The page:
oral not a member of the cabinet know ,
of the president's Intention to take this
action. It Is not denied that tome suchf
move has been long in contemplation , as
Is evidenced In the following statement ot
.Assistant Secretary Day , made this nftor-
iioon :
"Tlio sending of the Maine to Havuia
simply means the resumption of friendly ;
naval relations with Spain. H Is cuotomaiy ;
with naval vessels of frlendlj nations to
pass In and out of the harbors of other
countries with whom they nro at peace ,
and British and German war vessels visit
Havana. Thla Is no new move. The presi
dent has Intended to do It for some tlmo ,
but something has happened to postpone It.
Iho orders of the Maine mean nothing moro
than I have nald , and there Is nothing ;
alarming In them. The Spanish minister
heio is Informed of what is going on aml _
so far as I know has not made the sllghtc'st'
objection to It. "
"Further , " Mr. Day said , "Consul General
Leo had not sent for a war nhlp.f This
statement shqws that the move wna made
deliberately , and it could not havo. been' '
taken If there were serious apprehension ot'
Its results in Havana. "
The general belief here , however , Is that
In Madrid , rather than In any Cuban town ,
Is trouble to be looked for If thcro should
bo any misapprehension of the action of the
government In sending the Maine to Havana.
The temper of the opposition newspapers In
the Spanish capital haa been thrcateiilij ; fop
some time , and It may require Iho strong
hand of the news censor to supptc&s utter
ances that would lead to noting.
Admiral Slcnrd's inleis wcro not mule
public In their tovt , but it was stated that
their substance wcro made public In the
utteianccs of Secretary Long The orders
were not sent direct to the Maine for tlio
icason that It Is now attached to the squad
ron , and the naval regulations require nil
buch orders to go through the superior offi
cer. Theio la Bomo question whether the
telegram reached the admlial before ho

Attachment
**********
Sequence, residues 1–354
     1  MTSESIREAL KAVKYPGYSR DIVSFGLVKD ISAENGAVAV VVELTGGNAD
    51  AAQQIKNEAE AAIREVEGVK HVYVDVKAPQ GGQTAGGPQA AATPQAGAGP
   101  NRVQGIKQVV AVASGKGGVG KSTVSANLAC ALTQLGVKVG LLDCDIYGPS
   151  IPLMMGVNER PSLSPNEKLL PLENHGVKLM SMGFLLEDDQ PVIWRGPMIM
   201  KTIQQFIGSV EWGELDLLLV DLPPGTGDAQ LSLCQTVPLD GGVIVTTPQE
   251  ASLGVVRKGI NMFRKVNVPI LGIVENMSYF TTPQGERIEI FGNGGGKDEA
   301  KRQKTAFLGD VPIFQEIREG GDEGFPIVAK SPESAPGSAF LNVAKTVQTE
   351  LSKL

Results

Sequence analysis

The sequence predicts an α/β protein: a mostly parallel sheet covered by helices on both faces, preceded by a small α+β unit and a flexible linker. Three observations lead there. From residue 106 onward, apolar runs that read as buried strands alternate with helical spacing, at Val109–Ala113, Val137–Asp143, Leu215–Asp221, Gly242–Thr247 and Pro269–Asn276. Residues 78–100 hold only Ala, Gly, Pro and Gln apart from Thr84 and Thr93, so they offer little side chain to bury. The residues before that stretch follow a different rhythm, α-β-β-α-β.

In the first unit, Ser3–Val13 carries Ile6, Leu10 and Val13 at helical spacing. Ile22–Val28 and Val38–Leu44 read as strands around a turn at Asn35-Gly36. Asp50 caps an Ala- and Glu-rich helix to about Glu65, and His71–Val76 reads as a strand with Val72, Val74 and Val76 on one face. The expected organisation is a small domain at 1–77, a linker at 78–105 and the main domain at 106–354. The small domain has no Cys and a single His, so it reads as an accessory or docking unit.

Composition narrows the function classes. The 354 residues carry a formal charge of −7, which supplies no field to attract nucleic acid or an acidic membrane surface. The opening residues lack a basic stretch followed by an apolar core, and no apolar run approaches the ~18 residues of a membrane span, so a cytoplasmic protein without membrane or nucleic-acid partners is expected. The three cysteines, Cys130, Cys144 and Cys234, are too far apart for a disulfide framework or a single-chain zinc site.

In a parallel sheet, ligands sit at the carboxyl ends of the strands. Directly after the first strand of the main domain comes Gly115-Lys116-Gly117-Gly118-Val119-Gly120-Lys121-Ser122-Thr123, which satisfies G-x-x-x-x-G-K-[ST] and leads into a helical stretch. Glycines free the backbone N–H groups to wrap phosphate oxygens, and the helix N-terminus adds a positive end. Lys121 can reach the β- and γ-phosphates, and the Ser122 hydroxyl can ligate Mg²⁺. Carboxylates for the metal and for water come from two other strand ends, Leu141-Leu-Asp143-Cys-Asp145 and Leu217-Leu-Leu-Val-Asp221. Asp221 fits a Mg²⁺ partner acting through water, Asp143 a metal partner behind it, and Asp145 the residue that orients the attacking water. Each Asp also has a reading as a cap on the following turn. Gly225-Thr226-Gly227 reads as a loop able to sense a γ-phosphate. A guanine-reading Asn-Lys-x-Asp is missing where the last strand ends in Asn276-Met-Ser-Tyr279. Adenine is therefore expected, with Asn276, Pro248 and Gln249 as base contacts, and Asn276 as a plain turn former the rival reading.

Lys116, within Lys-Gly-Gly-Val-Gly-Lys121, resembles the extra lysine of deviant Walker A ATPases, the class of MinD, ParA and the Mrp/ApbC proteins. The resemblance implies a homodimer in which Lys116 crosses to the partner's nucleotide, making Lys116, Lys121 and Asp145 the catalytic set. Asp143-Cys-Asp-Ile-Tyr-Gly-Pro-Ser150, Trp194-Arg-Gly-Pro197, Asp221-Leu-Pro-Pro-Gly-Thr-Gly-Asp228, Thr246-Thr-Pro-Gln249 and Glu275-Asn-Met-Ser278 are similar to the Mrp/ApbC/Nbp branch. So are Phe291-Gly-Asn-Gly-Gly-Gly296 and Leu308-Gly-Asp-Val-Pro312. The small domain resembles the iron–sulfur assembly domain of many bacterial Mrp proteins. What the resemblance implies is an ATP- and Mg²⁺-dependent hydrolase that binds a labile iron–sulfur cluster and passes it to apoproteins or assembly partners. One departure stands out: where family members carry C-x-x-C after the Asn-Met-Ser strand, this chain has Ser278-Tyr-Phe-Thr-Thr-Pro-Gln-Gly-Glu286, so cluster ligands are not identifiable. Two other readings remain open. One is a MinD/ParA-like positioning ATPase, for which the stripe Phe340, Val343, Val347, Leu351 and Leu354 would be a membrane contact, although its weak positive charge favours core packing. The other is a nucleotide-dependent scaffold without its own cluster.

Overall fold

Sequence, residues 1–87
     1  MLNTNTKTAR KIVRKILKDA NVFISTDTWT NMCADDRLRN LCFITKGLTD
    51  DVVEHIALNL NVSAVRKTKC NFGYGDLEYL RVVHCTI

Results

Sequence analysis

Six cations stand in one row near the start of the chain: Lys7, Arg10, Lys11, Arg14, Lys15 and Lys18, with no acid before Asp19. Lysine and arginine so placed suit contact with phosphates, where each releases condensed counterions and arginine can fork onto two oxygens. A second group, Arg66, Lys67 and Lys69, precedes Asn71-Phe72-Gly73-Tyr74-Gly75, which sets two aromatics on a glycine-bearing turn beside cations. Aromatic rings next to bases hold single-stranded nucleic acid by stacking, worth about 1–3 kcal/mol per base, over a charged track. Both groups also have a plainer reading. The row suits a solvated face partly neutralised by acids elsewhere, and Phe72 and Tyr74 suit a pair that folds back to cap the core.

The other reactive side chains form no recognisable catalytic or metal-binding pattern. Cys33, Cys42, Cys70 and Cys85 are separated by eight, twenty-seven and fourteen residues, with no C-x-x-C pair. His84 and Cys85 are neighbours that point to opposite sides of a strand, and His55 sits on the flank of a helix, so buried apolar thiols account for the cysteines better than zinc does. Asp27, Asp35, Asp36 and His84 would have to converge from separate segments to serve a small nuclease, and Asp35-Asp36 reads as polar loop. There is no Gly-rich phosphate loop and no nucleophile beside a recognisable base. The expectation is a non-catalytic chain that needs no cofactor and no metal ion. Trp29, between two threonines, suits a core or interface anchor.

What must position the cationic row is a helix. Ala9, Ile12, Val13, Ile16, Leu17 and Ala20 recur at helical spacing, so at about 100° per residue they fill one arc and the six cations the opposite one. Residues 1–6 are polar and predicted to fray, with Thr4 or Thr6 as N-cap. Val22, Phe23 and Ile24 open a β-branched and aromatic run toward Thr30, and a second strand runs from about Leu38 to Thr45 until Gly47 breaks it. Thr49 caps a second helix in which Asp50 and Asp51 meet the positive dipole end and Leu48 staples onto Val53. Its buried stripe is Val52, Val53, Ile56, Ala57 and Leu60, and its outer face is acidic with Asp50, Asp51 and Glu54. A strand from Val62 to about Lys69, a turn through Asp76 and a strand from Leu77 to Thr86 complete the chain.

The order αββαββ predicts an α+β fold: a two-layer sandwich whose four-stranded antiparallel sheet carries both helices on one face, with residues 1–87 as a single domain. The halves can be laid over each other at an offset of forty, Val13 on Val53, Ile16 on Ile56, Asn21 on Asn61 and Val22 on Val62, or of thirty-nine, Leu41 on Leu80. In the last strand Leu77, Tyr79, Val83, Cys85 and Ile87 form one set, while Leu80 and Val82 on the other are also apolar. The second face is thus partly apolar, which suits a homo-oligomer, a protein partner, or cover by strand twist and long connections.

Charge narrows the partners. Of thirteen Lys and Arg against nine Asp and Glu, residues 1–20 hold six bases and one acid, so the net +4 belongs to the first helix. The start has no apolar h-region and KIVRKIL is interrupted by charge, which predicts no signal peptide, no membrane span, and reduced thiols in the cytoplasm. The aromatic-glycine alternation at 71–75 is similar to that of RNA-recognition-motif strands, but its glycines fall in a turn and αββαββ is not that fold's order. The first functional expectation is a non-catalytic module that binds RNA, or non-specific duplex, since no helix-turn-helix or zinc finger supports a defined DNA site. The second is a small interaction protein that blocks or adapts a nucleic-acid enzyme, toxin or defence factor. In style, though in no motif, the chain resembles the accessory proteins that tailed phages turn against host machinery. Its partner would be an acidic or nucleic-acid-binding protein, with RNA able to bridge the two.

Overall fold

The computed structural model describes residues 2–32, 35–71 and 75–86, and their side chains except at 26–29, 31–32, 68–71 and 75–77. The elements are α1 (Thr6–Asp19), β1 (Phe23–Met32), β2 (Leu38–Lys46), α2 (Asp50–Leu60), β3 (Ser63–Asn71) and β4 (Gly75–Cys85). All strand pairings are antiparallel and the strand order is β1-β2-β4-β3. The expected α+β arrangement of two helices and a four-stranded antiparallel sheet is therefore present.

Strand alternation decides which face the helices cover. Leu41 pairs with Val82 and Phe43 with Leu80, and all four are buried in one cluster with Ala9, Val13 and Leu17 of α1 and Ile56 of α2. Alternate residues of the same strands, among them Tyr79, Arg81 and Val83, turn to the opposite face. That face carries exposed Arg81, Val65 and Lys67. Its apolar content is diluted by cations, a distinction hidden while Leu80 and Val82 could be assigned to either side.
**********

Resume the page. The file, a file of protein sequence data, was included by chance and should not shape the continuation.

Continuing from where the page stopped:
railed with his squadron from Key West for
Toitugas The belief IB that It did not , but
this will make little difference In the pro
gram , Inasmuch as the telegram will doubt-
IP ° S bo sent to the admiral by ono of the
lorjiciio boats or by other means
The details of the Maine's movements
are believed to be left to the airangonient
of Admlial Slcard , 'but ' It li thought that
the ship , which put to sea with the squadron ,
will return to Key West before going to
The German ships to which Afcslstant Sec
retary Day referoil aie the Chai lotto and
the Gcycr , both training ships and not oC
formidable tjpo , though .0110 sufficed to settle -
tlo hastily the recent Haytlan difficulty.
Their touching at Havana Is not believed to
bo significant , as their cruise was arranged :
In alt the details last September , and the
ships are duo at Charleston , S , C. , early la
The commander of the Maine , Captain Slgs-
hccIs a favorlto In the Navy department.
For four yeans ho was chief of the hydro-
graphics ofilco and by his energy brought the
ofilco to a high standout. Ho was lucky
to get BO Important a ship as the Maine ,
considering his actual rank , which IH that
of a commander , but Immediately ho Justi
fied the depaitment's Judgment In the se
lection by running his ship uttalght Into
a doc ) : In Now York harbor to avoid run
ning down n packed excursion boaj. Thin
wus a display of quick Judgment , ncrvo
and pluck that pleased tlio dcpaitmcnt no
hlghl ) that the raptaln was sent a com
plimentary letter.
His ofllceis are also n good lot , Including
Lieutenant Commander Richard Waln-
wlight , Lieutenants 0 , F. Holman , John
Hood and C W. Yungon , Lieutenants ( Ju
nior grade ) 0. W. Blow , G. T. Illundln , F.
W. Jenkins , Cadets .T. H , Ifolden , W T.
Cluvcilus , Amoti Ilronson and D F Hoyd ,
Jr , Surgeon L. G. Hcneborgei , Pamaster
C. W. Llttlofield , Chief Engineer C. P Howell -
ell , PahBcd Assistant Engineer F C. 'Dowerfl.j '
Assistant Englnecis J. It. Morris and
Merrltt , Cadet Engineers Pope
and Arthur Gcntihaw , Chaplain J.
wick and Lieutenant of Marines jS\V , Cat-
H Is. nald at the N/vy department
that no disturbing nowB/iaa been recelve-d ,
from Havana , but that ( ho movement
la rather In the line of a resumption ot
frco Intercourse of our naval vessels In
Cuban watew , the same as prevailed prior
to their withdrawal on account ot the out
break of hostilities.
Tlio first Intimation the members of the
scnato committee on foreign relations had
of the orders of the Maine won given In the
Associated Pie bulletin. They received
the Information with evident satisfaction.
Senator Frye- said the situation vvau em
inently iatlsfactory to him. Senstoi Gray
said It was very ipiopcr lo have a war ship
In Havana for the protection of American ,
Senator Morgan said